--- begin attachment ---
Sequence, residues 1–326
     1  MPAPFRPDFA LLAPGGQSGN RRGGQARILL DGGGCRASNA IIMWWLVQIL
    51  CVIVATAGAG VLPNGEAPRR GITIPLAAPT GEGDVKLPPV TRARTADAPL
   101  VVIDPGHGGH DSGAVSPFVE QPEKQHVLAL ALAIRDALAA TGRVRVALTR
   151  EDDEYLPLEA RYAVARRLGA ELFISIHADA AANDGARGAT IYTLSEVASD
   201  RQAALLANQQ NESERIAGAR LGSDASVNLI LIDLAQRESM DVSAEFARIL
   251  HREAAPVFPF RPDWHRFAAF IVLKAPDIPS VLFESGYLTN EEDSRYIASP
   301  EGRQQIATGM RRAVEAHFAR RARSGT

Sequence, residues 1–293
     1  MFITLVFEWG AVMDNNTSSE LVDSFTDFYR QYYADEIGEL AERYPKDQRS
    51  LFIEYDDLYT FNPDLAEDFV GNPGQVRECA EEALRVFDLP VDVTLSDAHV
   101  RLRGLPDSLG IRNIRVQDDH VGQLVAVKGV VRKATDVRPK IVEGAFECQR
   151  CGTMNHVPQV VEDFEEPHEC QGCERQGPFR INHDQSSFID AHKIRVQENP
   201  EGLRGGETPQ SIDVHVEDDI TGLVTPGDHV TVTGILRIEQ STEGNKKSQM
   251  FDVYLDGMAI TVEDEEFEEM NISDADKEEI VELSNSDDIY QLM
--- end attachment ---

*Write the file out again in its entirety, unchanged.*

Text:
Sequence, residues 1–326
     1  MPAPFRPDFA LLAPGGQSGN RRGGQARILL DGGGCRASNA IIMWWLVQIL
    51  CVIVATAGAG VLPNGEAPRR GITIPLAAPT GEGDVKLPPV TRARTADAPL
   101  VVIDPGHGGH DSGAVSPFVE QPEKQHVLAL ALAIRDALAA TGRVRVALTR
   151  EDDEYLPLEA RYAVARRLGA ELFISIHADA AANDGARGAT IYTLSEVASD
   201  RQAALLANQQ NESERIAGAR LGSDASVNLI LIDLAQRESM DVSAEFARIL
   251  HREAAPVFPF RPDWHRFAAF IVLKAPDIPS VLFESGYLTN EEDSRYIASP
   301  EGRQQIATGM RRAVEAHFAR RARSGT

Sequence, residues 1–293
     1  MFITLVFEWG AVMDNNTSSE LVDSFTDFYR QYYADEIGEL AERYPKDQRS
    51  LFIEYDDLYT FNPDLAEDFV GNPGQVRECA EEALRVFDLP VDVTLSDAHV
   101  RLRGLPDSLG IRNIRVQDDH VGQLVAVKGV VRKATDVRPK IVEGAFECQR
   151  CGTMNHVPQV VEDFEEPHEC QGCERQGPFR INHDQSSFID AHKIRVQENP
   201  EGLRGGETPQ SIDVHVEDDI TGLVTPGDHV TVTGILRIEQ STEGNKKSQM
   251  FDVYLDGMAI TVEDEEFEEM NISDADKEEI VELSNSDDIY QLM